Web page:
Utility-scale solar is typically a larger solar power generation installation that serves as an additional central power generation source for an electric utility in meeting customers’ electric energy needs. Several definitions of utility-scale solar exist with the National Renewable Energy Laboratory using five megawatt capacity or larger as the threshold.
A typical benefit of utility-scale solar capacity is that its power generation profile is similar to summer residential/commercial load curves (energy is generated when it’s most needed). This allows utility-scale solar power generation to served daily peaking needs in summer.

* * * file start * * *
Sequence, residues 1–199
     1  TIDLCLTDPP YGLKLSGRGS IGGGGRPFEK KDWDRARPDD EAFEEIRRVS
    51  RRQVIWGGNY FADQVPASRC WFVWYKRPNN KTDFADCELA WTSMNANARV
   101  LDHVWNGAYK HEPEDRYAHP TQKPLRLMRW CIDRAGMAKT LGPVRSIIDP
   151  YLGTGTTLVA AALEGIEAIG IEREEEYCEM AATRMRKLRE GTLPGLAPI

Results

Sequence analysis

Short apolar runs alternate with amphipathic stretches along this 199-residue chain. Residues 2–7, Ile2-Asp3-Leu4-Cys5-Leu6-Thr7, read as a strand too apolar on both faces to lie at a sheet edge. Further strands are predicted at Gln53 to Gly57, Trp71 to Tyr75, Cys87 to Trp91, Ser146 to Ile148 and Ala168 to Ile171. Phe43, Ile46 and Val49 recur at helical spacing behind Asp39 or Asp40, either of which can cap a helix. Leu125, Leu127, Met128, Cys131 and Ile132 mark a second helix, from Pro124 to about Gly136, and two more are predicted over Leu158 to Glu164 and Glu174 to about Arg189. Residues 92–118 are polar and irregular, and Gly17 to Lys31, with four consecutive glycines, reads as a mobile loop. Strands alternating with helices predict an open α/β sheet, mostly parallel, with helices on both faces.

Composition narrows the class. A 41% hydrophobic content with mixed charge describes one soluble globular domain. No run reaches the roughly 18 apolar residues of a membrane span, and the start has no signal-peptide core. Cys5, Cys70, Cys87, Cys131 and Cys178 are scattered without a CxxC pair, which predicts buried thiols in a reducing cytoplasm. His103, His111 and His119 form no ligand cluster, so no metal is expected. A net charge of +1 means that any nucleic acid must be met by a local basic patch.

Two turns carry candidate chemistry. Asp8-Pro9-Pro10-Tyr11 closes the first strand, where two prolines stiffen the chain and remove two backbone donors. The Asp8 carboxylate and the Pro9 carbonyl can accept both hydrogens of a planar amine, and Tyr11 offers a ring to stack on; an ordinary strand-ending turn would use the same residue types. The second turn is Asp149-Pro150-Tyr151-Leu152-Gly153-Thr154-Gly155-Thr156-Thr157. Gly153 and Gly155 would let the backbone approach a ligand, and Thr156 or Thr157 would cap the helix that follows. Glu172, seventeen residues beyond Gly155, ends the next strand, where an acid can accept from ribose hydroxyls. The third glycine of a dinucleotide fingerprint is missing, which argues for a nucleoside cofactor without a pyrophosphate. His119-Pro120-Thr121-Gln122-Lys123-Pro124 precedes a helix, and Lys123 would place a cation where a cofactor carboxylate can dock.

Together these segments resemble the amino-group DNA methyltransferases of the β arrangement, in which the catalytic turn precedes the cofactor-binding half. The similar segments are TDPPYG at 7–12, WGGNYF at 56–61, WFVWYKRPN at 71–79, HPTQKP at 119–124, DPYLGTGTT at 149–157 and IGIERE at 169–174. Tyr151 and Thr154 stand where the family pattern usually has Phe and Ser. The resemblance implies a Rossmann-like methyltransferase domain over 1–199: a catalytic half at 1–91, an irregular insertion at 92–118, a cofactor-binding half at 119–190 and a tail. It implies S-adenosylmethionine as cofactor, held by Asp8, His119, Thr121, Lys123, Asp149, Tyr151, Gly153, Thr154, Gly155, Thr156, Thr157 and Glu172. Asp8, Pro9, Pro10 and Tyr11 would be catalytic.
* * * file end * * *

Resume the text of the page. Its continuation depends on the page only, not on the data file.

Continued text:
Utility-scale solar plants can be sized to meet a more local load and located closer to the load center, thereby eliminating transmission capital costs and, if already constructed, transmission losses. Also, utility-scale solar production output can serve to balance wind capacity that is often lacking on peak summer days (the wind is not blowing).
Although part of our strategic resource plan, NPPD has no immediate plans to add utility scale solar to its generation resource mix.